Drink It – Wine Direct Reviewed

Drink It – Wine Direct Reviewed

*The wines in the review were sent to me to try and review free of charge, the review and the opinions within are those off Manchester Food Tourist and are honest.

I have been a wine lover for many years, but its only in recent years that I have started to broaden my horizons and try new things.

Sitting my WSET level 2 last year got me trying a few more wines from new regions or just new grape varieties. Then during lockdown I started taking part in a number of online wine tastings which was eye opening.

I have recently sat my WSET Level 3, which really does stretch your wine knowledge further and if nothing else has made me want to try a lot more in the way of varietal wines.

I have found the best way to break away from your usual tastes, is to order wine blind, through subscriptions or direct from wine makers and so when I was asked if I would like to review a trio of wines from online retailer DrinkIt, it was right up my street.

Their aim is to try and help vineyards that have suffered in the current climate, as well as to help wine enthusiasts like them, to discover some new wonders.

DrinkIt sell wine in a category rather than by the bottle, with the one they wanted me to try called the Piedmont Box.

Priced at £39.95 it contains 3 bottles of wine from the Italian region, famous for the likes of Borolo and Gavi, however at time of ordering all I know is that the three bottles come for a producer in the region.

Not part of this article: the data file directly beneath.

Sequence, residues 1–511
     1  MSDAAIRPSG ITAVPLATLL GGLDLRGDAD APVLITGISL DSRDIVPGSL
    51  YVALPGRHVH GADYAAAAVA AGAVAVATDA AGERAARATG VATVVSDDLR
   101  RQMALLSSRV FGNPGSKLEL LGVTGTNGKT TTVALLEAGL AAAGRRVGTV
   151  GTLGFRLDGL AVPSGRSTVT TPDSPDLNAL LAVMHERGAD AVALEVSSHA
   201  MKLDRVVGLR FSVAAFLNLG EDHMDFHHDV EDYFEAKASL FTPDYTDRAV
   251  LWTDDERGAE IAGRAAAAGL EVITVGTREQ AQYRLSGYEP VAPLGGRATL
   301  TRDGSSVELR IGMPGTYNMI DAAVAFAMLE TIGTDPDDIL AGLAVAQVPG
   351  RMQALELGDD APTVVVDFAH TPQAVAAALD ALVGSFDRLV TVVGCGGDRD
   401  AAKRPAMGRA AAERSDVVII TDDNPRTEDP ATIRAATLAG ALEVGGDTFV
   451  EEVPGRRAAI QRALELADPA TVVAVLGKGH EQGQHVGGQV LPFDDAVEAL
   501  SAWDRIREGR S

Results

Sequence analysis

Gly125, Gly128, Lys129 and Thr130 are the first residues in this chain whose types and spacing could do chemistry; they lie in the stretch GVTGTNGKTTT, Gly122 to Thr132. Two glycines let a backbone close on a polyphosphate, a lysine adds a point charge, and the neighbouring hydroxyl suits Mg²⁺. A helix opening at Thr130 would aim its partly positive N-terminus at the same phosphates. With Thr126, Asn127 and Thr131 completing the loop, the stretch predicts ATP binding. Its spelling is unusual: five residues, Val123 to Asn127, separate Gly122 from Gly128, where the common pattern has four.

The Piedmont Box from DRINKIT

Working my way seamlessly through the DrinkIt website I place my order, which is delivered promptly the next working day.

On opening I spot a familiar Gavi a Barbera d’asti and a Sparkling Wine, all three produced by Cosseti. A company that has been producing wine since the year my house was built (1891).

The Gavi was typically high acid and crisp with green apple bursting through on the palatte and more than acceptable for its price bracket.

Being a bold Borolo fan, I would never usually go for a Barbera d’asti, however I found it surprisingly tasty. Dark in colour it was light bodied and bursting with sour cherry and raspberry.

Finally I tried the sparking wine, produced with Pinot Noir and Cortese (As used to make Gavi), it is made using the Charmat method as used to make Prosecco.

This wine was probably my favorite. An elegant mousse with a clean and crisp finish, this wine exhibits some of the yeast aromas not normally found in a Prosecco. As I can’t drink it all at once, I seal using my Avina champagne stopper, which helps to preserve those bubbles.

For me wine is now a journey of discovery and a company like DrinkIt is perfectly placed to deliver new wines to explore at a very reasonable price.

manchesterfoodtourist

A Blog dedicated to Food and Travel, both in the UK and Overseas

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